When the weather is nice more often than not, there is a strong urge to get out and play. Children and adults gain a lot by engaging in sports and other activities that get them moving. However, there are inherent risks involved in the active lifestyle as well. Knowing what they are is one step, taking measures to minimize them is another, and both are important.
The American Academy of Ophthalmology tells us that approximately 40,000 eye injuries occur each year. These happen in a split second, and can leave you feeling dazed about what to do. Some of the common traumas that need to be assessed by your eye doctor include:
- Technically, a scratch on the surface of the eye is referred to as a corneal abrasion. This injury may occur as a result of a seemingly innocent run-in or play. For instance, diving for home plate or to get under the volleyball could send dirt, sand, and other debris into the eye. The resulting abrasion could be severe enough to require care. If debris gets into the eye, rinse it – don’t rub! Then schedule your visit with your Maui eye doctor right away.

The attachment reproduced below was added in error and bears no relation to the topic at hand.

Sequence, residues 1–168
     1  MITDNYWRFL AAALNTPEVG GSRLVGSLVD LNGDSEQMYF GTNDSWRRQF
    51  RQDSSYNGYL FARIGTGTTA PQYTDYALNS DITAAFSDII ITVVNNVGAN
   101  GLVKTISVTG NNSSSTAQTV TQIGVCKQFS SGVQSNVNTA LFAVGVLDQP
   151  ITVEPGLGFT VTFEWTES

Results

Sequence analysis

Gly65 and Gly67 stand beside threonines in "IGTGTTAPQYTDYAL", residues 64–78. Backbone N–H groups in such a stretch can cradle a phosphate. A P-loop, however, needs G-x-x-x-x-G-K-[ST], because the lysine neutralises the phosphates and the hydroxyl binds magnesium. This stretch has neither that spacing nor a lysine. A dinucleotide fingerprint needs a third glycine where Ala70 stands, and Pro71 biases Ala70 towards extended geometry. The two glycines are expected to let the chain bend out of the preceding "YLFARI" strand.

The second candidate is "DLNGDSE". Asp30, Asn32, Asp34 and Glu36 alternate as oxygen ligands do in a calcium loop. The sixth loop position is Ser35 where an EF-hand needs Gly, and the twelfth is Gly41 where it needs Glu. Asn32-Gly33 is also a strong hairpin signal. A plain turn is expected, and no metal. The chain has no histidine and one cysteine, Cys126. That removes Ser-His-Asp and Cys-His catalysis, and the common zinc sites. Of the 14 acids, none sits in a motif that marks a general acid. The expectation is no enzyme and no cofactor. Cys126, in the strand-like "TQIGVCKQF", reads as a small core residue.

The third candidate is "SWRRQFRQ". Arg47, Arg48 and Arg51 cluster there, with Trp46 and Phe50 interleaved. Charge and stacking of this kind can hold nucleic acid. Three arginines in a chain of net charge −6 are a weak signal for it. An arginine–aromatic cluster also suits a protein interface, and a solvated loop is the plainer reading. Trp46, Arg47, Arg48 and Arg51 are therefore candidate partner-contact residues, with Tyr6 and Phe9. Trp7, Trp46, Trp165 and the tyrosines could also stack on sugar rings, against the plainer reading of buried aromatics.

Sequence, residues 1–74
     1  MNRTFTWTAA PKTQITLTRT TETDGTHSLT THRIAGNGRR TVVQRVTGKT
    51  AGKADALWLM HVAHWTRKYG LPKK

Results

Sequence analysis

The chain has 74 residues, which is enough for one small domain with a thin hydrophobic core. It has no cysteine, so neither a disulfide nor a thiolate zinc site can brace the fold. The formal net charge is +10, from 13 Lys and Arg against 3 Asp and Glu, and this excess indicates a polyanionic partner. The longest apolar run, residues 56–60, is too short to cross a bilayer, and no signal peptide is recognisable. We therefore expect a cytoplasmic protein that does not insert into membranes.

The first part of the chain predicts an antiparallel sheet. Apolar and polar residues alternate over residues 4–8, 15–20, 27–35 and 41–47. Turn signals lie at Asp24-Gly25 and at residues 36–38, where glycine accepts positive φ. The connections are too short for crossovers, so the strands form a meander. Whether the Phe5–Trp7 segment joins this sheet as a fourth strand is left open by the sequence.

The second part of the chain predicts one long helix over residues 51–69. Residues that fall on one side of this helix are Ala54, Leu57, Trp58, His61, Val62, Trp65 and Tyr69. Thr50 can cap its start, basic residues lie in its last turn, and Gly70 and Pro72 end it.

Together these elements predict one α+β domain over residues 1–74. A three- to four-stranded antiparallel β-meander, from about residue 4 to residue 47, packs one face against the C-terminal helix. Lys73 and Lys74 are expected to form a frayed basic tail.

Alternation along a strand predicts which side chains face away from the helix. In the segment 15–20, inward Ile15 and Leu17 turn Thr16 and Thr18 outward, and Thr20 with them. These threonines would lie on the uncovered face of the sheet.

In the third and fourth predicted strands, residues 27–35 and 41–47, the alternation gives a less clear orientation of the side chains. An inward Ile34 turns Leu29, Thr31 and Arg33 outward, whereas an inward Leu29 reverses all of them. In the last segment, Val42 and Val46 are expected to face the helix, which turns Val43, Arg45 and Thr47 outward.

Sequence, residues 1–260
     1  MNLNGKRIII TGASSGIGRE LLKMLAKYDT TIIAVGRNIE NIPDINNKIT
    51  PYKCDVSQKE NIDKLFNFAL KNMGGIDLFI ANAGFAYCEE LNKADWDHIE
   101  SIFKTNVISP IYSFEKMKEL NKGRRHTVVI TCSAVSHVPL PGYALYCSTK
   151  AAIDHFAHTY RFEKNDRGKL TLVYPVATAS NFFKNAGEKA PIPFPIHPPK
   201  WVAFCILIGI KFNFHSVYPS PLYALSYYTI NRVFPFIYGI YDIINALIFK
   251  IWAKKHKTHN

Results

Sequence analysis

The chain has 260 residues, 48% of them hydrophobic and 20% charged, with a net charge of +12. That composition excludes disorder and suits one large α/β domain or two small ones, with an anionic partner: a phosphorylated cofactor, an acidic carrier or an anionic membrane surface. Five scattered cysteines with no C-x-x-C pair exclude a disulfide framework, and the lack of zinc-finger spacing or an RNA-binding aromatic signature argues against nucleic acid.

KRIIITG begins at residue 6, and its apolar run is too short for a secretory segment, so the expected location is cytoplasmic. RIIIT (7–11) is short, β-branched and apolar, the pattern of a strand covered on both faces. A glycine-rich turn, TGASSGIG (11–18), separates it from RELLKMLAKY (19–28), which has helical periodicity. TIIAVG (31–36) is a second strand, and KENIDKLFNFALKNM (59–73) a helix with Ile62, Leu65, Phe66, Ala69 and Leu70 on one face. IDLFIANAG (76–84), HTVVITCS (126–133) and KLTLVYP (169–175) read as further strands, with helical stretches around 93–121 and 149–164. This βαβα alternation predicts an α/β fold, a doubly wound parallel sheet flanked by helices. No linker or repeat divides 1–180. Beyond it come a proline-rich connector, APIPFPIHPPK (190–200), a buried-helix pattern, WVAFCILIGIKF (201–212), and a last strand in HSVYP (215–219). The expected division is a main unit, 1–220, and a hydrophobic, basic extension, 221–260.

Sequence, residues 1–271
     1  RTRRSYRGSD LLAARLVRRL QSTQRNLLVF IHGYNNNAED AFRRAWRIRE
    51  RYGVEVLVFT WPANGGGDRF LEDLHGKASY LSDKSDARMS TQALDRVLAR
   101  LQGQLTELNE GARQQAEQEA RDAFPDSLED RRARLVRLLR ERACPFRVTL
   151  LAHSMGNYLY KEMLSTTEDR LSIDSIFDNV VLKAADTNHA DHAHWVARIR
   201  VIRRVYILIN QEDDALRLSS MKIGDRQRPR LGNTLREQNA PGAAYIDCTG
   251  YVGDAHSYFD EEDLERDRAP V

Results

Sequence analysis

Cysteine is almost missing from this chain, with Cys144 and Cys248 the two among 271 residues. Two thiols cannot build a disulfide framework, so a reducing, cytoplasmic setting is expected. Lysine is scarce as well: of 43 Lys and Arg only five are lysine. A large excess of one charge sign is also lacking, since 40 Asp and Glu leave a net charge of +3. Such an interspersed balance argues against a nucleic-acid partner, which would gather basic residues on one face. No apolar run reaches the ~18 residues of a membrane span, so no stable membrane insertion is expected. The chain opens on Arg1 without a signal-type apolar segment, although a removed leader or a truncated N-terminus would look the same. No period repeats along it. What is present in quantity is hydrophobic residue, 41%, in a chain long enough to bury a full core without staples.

- Blunt force injury. Boxers experience frequent blunt force trauma to several body parts. It isn’t only the high-contact sports and activities during which a blunt injury may occur. Your eye could be injured by colliding with a player during that basketball game, or even while you are playfully wrestling with the kids. If a bump to the eye results in swelling and bruising, or more dramatic symptoms, call your eye doctor for an evaluation. If you suspect that you may have broken a bone around the eye, call the nearest emergency room.
- Radiation injury. This sounds serious. What it refers to is sun damage. There are long-term effects from chronic sun exposure, and then there are instances in which the eye is more severely injured due to the harshness of UV light. This is especially prevalent among individuals who spend a lot of time on the water without adequate protection, aka sunglasses.
The team at Aloha Eye Clinic is here to assist you in handling unexpected eye injuries, as well as your general eye health. Call our Kihei or Wailuku office for personal care.